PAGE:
A few months ago, I came across The Binding by Bridget Collins online, and I was immediately enraptured. It wasn’t out yet, but I counted down the days until I could buy it and read it. I’m in something of a historical fantasy mood lately, and The Binding was exactly what I needed in my collection. Evidently set in the mid- or late-1800s, it transports the reader to a time when books were very different from how they are today.
The Binding starts from the perspective of Emmett Farmer, and young man in a farming family who’s currently recovering from a mysterious illness. He’s no longer strong enough to perform his chores at home, and he’s been requested by a nearby book binder to become her apprentice. Books and book binding are controversial, though, because in this alternate history, books are actually made from people’s real memories. They completely forget an aspect of their own past once it’s made into a book. It’s serious business, and not something most people want to do.
Emmett himself knows virtually nothing about books, but he develops a close bond with his elderly book binding boss, Seredith. He’s still experiencing immobilizing fevers, but he’s also learning a lot about his new craft. However, one day everything changes, and he’s moved into the city to continue his work with those on the shadier side of his industry. And though he’s never performed a book binding before, his first time doing one will lead to some unexpected revelations. While Emmett is at the house to perform the binding, he discovers that he has his own book: Emmett Farmer, a book with his own secrets, unknown even to him. He needs to know his own past, and once he finds out, it’s quite the revelation.
Part two of the book takes us into Emmett’s past: the shameful events that led to his binding and why he got sick in the first place. But how shameful were his actions? Why was he forced to wipe his own memory?
The third and final part of the book suddenly shifts perspectives, moving into the eyes of another character who is also in the dark about his own book. Lucian Darnay doesn’t realize it, but he also has a secret past. His own father, however, is an evil man, and Lucian is afraid of what he himself is capable of. Is he as bad as his father? Lucian would rather live in the dark than come to terms with his own forgotten deeds.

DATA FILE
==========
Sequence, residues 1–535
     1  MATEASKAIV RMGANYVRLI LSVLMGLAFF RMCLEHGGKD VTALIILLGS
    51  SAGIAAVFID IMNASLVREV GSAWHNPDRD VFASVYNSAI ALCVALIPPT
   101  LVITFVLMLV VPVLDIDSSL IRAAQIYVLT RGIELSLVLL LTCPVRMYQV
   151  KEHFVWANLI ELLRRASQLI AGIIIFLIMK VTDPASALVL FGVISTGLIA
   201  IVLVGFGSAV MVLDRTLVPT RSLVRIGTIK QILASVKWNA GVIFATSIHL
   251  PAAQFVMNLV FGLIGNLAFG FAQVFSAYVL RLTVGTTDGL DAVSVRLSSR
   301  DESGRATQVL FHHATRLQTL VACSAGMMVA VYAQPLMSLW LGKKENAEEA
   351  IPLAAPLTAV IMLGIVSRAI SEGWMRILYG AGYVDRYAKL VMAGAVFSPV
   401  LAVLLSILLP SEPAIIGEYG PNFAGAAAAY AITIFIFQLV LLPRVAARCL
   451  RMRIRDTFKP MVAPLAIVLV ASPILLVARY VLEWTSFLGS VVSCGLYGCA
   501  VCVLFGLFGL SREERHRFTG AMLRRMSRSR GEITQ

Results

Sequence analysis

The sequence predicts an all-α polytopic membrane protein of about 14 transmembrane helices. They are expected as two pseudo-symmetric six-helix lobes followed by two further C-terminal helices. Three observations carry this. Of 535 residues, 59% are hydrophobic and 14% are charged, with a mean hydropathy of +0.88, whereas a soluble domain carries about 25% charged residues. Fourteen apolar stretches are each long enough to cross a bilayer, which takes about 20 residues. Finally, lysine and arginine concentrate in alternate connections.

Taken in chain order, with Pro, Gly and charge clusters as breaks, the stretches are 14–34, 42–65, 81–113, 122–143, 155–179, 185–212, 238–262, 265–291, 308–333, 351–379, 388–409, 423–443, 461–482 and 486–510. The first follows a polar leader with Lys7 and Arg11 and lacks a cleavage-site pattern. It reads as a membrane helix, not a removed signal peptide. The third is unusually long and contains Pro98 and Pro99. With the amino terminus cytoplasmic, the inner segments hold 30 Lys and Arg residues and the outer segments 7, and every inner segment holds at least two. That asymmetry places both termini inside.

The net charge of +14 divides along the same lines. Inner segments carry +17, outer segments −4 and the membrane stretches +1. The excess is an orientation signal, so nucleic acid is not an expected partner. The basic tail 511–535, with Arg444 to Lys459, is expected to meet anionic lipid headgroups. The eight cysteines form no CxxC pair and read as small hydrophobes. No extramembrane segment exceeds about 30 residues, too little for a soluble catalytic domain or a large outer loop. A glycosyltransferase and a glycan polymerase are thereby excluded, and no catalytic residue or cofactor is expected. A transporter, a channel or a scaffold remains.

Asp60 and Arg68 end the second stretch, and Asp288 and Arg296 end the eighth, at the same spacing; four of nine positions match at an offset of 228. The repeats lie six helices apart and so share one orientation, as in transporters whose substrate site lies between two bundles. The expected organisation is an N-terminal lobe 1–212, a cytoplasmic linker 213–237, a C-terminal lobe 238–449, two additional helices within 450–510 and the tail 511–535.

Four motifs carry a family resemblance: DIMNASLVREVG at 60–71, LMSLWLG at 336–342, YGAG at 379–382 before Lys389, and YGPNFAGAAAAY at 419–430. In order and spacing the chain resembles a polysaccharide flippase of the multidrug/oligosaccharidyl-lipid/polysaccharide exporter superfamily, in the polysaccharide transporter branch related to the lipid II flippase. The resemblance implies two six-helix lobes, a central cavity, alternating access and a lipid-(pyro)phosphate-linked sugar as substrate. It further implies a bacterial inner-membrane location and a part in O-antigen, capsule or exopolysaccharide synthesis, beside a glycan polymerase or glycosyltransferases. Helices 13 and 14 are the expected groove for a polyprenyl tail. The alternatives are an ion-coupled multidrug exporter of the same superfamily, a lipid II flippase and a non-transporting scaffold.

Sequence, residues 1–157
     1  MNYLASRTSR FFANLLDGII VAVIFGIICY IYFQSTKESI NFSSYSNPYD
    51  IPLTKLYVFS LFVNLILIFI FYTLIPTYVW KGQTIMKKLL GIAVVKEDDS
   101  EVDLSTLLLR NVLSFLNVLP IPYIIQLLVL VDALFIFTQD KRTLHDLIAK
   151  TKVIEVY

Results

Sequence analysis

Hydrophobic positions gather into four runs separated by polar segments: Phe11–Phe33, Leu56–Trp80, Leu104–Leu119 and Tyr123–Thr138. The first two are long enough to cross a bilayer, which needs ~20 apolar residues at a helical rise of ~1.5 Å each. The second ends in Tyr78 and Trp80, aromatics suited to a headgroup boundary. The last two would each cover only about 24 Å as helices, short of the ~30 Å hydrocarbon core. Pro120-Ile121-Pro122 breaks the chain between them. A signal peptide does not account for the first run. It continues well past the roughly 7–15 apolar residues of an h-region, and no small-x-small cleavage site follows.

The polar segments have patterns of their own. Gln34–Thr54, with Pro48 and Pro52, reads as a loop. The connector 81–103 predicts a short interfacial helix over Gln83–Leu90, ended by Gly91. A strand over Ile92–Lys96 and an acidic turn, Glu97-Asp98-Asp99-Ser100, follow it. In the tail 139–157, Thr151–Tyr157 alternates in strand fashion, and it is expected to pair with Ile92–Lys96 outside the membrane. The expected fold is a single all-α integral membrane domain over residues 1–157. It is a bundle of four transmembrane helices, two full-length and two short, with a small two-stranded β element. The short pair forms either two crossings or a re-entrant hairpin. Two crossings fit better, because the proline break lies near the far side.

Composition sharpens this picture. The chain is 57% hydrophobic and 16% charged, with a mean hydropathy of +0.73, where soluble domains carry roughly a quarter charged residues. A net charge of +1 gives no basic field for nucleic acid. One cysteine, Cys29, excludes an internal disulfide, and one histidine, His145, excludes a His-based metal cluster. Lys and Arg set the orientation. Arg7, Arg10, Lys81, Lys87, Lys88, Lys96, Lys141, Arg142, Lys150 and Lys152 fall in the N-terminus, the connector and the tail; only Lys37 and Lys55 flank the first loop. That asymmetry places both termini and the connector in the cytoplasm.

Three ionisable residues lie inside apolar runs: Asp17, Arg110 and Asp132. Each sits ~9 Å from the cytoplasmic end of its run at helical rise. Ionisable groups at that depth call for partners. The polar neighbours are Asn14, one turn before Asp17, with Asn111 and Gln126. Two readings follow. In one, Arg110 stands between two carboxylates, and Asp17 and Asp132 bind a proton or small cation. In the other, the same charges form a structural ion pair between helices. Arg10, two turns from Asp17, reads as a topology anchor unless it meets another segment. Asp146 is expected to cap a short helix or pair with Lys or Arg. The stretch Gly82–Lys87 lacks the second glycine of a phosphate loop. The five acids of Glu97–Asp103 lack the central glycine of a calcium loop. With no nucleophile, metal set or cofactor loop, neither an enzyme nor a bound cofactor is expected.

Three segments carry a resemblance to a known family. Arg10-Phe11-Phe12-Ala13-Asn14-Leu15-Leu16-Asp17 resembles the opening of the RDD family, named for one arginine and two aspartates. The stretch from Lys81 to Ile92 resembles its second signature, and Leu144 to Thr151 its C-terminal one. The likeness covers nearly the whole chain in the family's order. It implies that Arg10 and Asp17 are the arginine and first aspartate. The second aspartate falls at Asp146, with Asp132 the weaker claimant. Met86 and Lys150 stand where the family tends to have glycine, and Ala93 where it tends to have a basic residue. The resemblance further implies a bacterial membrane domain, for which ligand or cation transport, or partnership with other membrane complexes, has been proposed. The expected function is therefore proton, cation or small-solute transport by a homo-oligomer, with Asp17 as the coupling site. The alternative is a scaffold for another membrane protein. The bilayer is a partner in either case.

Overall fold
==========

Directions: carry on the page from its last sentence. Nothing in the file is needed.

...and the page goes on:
It’s difficult to describe The Binding without giving away too much. Some of my favorite themes and scenes within the book are major spoilers, but I’ll share what I can:
The Binding introduces us to a world where shameful pasts and evil secrets can be buried, forgotten forever, at least by those who are bound. Transferring your memory of an event or period of your life can be helpful for some, but it can also be used to wield power and exercise abuse against unknowing victims. It’s no wonder that many characters here either distrust or outright hate books and book binders.
The novel also dives into our perceptions of others. First impressions aren’t always accurate, and learning to trust – or fear – people can prove difficult when you don’t understand why they behave as they do. Some characters grow more likable with time, while others effortlessly hide a darker side.
Finally, love and acceptance are central themes here, and they’re particularly relevant in light of society today. I’d say more about this, but you’ll have to read the book first!
The Binding is a magnificent, spellbinding novel that I never wanted to end. The writing is gorgeous, the characters enthralling, and the plot as exciting as it is humorous and sweet. It’s currently advertised as a standalone novel, but I can’t help but hope it’ll get a sequel. Please, do yourself a favor and read this book. I’ll be recommending it to everyone, and after reading it, you will be, too!